"I think there are some people trying to distance from immuno-compromised family members and roommates. It's a mixed bag. A lot of other hotels and hostels in the City have closed, so we've been taking in their guests as well," Gonzalez said in her March 30 email.

Sin City in Las Vegas, a dormitory-only hostel, is heeding social distancing guidelines by limiting the number of guests in the shared sleeping rooms to four.

They've also canceled all group events.

Like NY Moore Hostel, Sin City's biggest customer base is foreign travelers, but most of its current guests are Americans, Salazar explains.

He describes them as "road trippers ... [people] not necessarily in a rush to get back to where they are [from] because it's also locked down there."

"We've literally become a place to sleep for the people who don't have anywhere to go."

Socializing in the time of coronavirus

"It's like a ghost town right now," Salazar says of the Las Vegas scene.

The hostel, which normally hosts barbecues and other group activities encouraging mingling, has pretty much stopped everything, according to Salazar.

Sin City has a backyard that guests can hang out in, and walking is still permitted, but Salazar isn't sure what they're up to, but it does not sound like a familiar Vegas scene: "I don't know what they're doing, but most of them just stay in bed."

Zhen Jia, a Chinese woman staying at NW Portland Hostel, actually prefers the current vibe.

Jia landed at the hostel in February before Covid-19 upended travel and says she didn't feel like people at the hostel were open to socializing much.

"Everybody's just doing their own things or you know, wearing their headphones in the common areas. So I feel like people kind of put on this do not disturb sign on. Because you're wearing your headphones and, yeah."

Now that the hostel has only a handful of guests, Jia says "You see the same people every day in the kitchen or something and then you know each other."

"So it's like community, like a family," she adds.

Aimless guests

Hostels by their very nature are social places. Unlike a hotel where guests can come and go with barely any human interaction if they so choose, a hostel typically promotes social interaction. Whether via game nights, organized pub crawls or shared meals, the hostel vibe is distinctive.

For many, it is a reason for staying in one.

Right now, the hostel vibe is dampened. Ilg says all of 11th Street Hostel's common areas are closed. "It's a weird place to be in because as a travel company, we're always encouraging people to travel and try new things and have those new experiences," Ilg says.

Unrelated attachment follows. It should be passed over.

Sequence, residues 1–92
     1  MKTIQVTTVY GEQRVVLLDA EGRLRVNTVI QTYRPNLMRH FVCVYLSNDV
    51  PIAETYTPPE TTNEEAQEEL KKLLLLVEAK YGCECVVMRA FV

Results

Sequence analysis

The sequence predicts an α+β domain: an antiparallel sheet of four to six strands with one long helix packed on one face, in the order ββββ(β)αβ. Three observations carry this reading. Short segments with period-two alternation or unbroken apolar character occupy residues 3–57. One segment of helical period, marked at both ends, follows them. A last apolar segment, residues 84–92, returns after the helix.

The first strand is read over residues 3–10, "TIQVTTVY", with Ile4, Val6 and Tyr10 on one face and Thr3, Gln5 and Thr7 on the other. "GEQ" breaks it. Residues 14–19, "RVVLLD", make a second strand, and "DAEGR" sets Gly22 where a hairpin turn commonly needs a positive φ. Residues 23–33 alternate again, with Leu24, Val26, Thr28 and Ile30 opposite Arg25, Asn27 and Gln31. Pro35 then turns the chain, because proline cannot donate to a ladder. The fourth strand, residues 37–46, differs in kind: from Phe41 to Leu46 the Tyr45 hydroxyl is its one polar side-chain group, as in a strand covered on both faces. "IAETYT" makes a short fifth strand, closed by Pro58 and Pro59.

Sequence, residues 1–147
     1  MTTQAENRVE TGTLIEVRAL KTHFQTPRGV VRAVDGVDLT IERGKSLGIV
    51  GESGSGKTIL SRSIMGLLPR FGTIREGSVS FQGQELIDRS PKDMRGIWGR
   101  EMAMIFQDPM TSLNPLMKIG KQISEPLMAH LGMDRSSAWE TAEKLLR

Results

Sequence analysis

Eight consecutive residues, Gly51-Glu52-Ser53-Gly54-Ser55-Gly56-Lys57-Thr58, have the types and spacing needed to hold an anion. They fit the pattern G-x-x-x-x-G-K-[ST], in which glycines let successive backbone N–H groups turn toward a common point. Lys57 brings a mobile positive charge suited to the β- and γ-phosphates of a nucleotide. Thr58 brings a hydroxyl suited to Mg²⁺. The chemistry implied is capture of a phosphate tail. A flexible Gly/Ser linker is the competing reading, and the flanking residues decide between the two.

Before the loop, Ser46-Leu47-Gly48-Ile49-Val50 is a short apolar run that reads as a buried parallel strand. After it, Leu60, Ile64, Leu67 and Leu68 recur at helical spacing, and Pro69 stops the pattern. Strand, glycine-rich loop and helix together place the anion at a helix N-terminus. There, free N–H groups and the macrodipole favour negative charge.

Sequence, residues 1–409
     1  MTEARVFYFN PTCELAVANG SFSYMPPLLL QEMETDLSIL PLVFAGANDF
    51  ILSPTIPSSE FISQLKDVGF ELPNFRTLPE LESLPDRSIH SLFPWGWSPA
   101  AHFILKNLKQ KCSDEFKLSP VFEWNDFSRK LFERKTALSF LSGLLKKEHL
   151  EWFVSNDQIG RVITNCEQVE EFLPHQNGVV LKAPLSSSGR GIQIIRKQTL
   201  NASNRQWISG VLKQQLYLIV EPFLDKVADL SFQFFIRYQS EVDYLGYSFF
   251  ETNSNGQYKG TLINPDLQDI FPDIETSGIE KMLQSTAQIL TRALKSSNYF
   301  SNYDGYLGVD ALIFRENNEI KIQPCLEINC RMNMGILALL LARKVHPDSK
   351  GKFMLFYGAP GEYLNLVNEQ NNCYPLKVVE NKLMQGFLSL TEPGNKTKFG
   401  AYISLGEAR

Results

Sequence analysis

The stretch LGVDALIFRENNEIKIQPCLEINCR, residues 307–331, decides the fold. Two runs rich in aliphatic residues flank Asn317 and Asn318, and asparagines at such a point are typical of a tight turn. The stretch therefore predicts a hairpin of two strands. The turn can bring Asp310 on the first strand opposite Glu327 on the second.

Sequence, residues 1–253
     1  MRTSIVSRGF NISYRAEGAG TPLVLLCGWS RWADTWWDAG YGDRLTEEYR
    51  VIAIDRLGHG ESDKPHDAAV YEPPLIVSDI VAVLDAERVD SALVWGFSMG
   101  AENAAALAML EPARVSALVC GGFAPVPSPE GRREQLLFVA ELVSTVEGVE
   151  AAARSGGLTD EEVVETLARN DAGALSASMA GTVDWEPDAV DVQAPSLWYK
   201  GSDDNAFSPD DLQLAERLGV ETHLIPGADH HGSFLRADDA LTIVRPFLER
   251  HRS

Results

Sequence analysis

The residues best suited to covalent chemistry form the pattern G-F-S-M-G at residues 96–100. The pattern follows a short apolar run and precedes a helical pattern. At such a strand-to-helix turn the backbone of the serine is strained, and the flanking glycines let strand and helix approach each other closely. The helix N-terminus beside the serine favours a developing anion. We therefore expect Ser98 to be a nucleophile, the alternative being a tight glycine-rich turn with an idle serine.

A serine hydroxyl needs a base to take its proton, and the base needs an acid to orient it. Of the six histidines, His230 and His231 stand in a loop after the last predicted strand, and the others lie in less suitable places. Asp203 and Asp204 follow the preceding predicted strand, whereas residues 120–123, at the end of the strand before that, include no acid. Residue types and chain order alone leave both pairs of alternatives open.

"And all of a sudden we've had to have this dramatic shift to tell people not to travel and not to connect with others and not to step out of their comfort zone."

Open youth hostels in US house travelers with nowhere else to go
NW Portland Hostel in Oregon, can accommodate more than 200 people, but most of the beds are unoccupied.

She calls the transition "weird."

Mike Klose -- who along with his partner, Brigid Hollmann, have been staying at NW Hostel since mid-March after a shared housing situation didn't pan out -- respects the social distancing rules and calls to stay inside.

The German couple used to go for bike rides around Portland but are mostly going around on foot when they need groceries or other essential items.

NW Hostel hasn't closed all of its common areas, and the hostel commons, which Kennett describes as typically a "very active social space," is open for people to watch TV or a movie. Kennett says they're asking guests to sit at individual tables.

Klose calls the common area quite spacious and says it's possible to utilize the space and practice social distancing successfully. People sit apart and talk to one another, Klose says.

"It's kind of important to have contact to other people, I guess," Klose says.

Klose and Hollmann plan to be long-term guests of the hostel, staying in Portland until they return to Germany in May. Originally, they thought they might go to Canada. Now he says, "We will need to see how that turns out basically."

Both Kennett and Imir expressed concerned about the serious financial hit their businesses are facing, and they don't know what the future looks like.

Still, they seem more hopeful than not. "We truly love what we do and our main focus is to come back with all our staff and return to serving travelers," Imir says.

Kennett is still sort of reeling from the shock of the hostel's award. "We knew we ran a good hostel," he says.

"We're on such a good travel route, if people start traveling, they're going to hit us."